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'Social Paper': Digital Humanities Grant To Aid Development of Collaborative Writing Platform
- By Dian Schaffhauser
Two doctoral students at the City University of New York Graduate Center have received a grant from the National Endowment for the Humanities to develop a platform that enables "social writing" among students. Erin Glass and Jennifer Stoops, both "GC Digital Fellows," will work with CUNY's Academic Commons to build their project, named "Social Paper," on the Commons in a Box platform.
In fact, the two practiced social writing in order to develop the proposal that generated their $29,965 digital humanities start-up grant in the first place. This type of grant is "relatively small" and intended to support "the planning stages of innovative projects that promise to benefit the humanities."
The project Glass and Stoops came up with will facilitate the ability for graduate students to share in the development of seminar papers.
The idea is encompassed in the process Glass described in a blog entry she wrote in February, in which she and Stoops collaborated on the grant proposal using Google Docs. "Sometimes that meant sitting cheek to cheek in front of the same computer where, without much thought about the process, we tossed ideas — and keyboard control — back and forth like a hot potato." Other times, she said, "We worked separately and exchanged drafts for revision or feedback" or "sat in the same room but at different computers, working simultaneously on the very same paragraph, but without saying a word aloud."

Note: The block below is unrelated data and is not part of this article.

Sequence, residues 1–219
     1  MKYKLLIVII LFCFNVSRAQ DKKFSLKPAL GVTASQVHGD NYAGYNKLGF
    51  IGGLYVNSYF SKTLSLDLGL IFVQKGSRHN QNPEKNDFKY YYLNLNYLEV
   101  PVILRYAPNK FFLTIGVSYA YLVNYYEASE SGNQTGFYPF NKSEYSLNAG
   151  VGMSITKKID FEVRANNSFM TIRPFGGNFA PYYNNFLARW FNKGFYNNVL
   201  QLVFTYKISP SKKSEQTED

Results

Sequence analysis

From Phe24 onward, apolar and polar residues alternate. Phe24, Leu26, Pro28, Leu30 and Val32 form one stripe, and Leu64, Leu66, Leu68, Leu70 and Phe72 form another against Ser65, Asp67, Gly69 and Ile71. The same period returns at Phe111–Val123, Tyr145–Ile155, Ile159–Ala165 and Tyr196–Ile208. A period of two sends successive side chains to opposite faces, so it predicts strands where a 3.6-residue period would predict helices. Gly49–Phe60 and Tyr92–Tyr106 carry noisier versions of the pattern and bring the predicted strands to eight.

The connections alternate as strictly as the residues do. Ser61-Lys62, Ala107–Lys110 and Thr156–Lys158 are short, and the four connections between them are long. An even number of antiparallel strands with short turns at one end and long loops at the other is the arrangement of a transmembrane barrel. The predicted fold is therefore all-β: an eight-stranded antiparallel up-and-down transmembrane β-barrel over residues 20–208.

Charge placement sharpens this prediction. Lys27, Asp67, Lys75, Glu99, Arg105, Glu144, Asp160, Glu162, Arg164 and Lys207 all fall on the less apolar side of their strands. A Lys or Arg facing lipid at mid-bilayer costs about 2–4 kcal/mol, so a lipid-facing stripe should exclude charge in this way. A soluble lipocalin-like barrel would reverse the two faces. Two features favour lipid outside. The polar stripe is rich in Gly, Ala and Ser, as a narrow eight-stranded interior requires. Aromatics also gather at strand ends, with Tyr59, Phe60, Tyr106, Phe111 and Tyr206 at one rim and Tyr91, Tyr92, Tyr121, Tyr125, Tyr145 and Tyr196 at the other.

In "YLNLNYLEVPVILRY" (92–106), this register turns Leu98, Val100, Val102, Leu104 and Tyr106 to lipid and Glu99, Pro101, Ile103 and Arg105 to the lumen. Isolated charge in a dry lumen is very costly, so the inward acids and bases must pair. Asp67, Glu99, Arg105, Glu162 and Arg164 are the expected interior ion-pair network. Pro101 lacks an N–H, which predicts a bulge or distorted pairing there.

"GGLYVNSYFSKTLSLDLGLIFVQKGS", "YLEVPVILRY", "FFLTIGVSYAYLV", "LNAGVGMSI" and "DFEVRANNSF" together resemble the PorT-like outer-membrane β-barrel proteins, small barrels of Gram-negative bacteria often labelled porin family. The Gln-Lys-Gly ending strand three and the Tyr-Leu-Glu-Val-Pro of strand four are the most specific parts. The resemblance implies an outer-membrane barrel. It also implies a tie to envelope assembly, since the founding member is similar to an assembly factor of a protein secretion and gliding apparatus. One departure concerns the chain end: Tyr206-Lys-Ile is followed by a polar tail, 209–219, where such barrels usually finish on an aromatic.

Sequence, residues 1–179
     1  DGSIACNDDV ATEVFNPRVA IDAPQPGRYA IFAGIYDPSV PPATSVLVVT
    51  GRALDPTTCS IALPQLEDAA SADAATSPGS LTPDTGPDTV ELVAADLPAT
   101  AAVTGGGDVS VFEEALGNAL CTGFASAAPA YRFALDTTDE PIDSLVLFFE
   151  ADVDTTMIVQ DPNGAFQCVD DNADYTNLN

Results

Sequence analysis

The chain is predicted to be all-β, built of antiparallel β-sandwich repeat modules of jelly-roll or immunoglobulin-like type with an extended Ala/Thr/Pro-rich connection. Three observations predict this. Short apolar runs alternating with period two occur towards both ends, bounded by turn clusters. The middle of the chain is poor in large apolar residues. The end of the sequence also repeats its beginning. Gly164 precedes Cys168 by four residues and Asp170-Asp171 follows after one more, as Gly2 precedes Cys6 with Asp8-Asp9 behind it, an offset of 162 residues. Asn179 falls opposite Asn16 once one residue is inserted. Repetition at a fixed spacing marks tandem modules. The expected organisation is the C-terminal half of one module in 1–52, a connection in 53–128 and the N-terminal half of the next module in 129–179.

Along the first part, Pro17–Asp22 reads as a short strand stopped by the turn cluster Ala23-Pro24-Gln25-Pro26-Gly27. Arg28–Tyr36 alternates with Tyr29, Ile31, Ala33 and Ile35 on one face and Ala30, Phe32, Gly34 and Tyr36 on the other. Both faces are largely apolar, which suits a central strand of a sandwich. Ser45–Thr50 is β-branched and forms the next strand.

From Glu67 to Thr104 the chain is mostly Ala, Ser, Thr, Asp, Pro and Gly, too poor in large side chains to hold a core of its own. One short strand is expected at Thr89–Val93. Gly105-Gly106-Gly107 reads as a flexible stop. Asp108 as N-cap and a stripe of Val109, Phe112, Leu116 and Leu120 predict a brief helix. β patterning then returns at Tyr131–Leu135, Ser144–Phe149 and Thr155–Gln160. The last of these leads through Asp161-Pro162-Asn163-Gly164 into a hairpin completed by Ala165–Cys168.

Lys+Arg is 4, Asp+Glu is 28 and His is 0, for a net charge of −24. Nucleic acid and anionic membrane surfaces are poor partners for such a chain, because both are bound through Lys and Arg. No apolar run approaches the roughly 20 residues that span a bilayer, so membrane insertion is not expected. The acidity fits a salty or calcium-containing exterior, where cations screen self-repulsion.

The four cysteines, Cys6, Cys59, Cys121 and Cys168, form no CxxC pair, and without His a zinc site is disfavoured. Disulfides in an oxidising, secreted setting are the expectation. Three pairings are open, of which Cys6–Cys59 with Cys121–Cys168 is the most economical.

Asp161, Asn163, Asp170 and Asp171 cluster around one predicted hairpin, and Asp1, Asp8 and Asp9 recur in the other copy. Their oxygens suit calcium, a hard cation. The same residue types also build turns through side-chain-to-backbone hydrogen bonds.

When the draft of the grant was finished, they shared the documents "with peers and faculty whose changes and comments were immediately reflected in a single online draft, enabling our reviewers to build off one another's comments and changes."
Matthew Gold, who heads up the Commons in a Box work, will serve as project director. He noted that Social Paper will further build on the Graduate Center's digital initiatives by "using interactive technology to reimagine the contours of graduate education, enabling rich collaborations between doctoral students, with the potential to scale the tool out to wider audiences, as well."
Dian Schaffhauser is a writer who covers technology and business for a number of publications. Contact her at firstname.lastname@example.org.